Who Races RAAM?
Racers come from all over the world and all walks of life. Racers are both amateurs and professionals. But, the majority of racers are ordinary people with a passion for riding their bicycle. Racers range in age from 13 to 75. Every year there are racers from at least 15 countries. Over 25 countries have been represented over the 30-year history of the race. Approximately 40 % of the racers are from outside the US. About 15% of the racers are women.
Why Race RAAM?
Some might echo George Mallory’s sentiment about Mt. Everest, “Because it’s there!”
For most racers it is not that simple. Reasons include raising money for a charitable cause, setting a record, seeing the country, spending time with friends, adding their name to the finishers list, etc. But, overwhelmingly most people race RAAM simply to have fun and challenge themselves.
Whatever the reason, RAAM is an incredible journey across a beautiful country! Not a single racer will walk away unmoved by the achievement.
Racing for Charitable Causes
RAAM is an outstanding platform for raising money for charitable causes. Racers annually raise collectively in excess of $2 million for a wide range of charitable causes.
Fans from all over the world follow RAAM. Fans can follow RAAM on the web, through the bi-weekly RAAM Newsletter, race blogs, the social media (Facebook and Twitter) and traditional mainstream media. There is local, national and international coverage by the traditional media. Additionally, RAAM has at least four of its own media crews on the course providing up-to-date video, photo and text coverage. Race coverage statistics:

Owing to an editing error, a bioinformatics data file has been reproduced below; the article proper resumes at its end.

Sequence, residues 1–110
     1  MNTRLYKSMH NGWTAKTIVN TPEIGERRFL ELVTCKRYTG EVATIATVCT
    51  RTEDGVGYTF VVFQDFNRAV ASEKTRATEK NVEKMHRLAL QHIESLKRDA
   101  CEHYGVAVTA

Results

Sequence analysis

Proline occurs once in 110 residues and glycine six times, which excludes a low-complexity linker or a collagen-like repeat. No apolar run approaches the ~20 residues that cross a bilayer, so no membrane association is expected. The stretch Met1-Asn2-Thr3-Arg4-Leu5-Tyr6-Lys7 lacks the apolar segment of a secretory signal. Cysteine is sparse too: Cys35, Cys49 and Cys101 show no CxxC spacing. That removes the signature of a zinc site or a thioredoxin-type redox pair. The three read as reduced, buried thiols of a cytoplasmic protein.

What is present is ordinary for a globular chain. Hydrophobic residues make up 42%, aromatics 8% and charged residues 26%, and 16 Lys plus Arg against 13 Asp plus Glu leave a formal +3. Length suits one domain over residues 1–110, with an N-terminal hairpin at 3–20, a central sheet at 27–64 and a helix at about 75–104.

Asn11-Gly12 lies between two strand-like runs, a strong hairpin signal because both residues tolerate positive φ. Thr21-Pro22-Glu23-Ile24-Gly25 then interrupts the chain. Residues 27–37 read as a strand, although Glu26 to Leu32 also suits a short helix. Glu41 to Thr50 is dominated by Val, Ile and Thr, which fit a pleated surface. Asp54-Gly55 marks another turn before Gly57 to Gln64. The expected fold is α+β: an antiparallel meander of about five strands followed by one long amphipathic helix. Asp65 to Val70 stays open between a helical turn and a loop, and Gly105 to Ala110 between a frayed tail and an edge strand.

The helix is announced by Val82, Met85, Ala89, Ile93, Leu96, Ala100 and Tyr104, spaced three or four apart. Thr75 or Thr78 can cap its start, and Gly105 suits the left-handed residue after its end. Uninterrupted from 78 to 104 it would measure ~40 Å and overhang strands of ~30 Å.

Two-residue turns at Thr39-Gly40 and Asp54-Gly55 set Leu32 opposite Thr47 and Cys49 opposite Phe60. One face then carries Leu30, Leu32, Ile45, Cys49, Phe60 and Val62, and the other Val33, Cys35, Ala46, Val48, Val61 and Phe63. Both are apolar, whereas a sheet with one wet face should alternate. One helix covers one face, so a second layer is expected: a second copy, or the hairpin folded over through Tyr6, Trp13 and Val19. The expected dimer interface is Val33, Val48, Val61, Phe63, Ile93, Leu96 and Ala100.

· 20+ million page views
· 2500+ articles in mainstream media (TV, radio and print)
This coverage provides substantial value to both sponsors and charities.
What is RAW?
Race Across the West (RAW) is a shorter version of RAAM. RAW travels the first 860 miles of the RAAM route and is a RAAM qualifying event. RAW has a solo division as well as 2- and 4-Person relay team divisions. It follows the same format and runs concurrently with RAAM. RAW racers start the same day as the RAAM solo men, Wednesday June 15.
The Executive Team
RAAM is run by a dedicated group of professionals, who also happen to race bicycles. Our executive team is comprised of Fred Boethling, President (2X RAAM finisher), Rick Boethling, Executive Director (RAW founder), George Thomas, Race Director (6X RAAM, 2X RAW finisher), and Steven Bell, Access Curve Marketing. Together we bring a very strong business and race background and understanding of what makes a great event.
2010 Race Statistics
· 250+ racers and 750+ support crew
· 15 Different Countries
· 39 Teams, 30 Solos
· 250+ staff & volunteers
RAAM is an Epic Event
Race Across America is the world’s top endurance cycling event. The 2011 race is the 30th edition of RAAM. We expect the largest field and the most extensive coverage in the event’s history. Don’t miss out!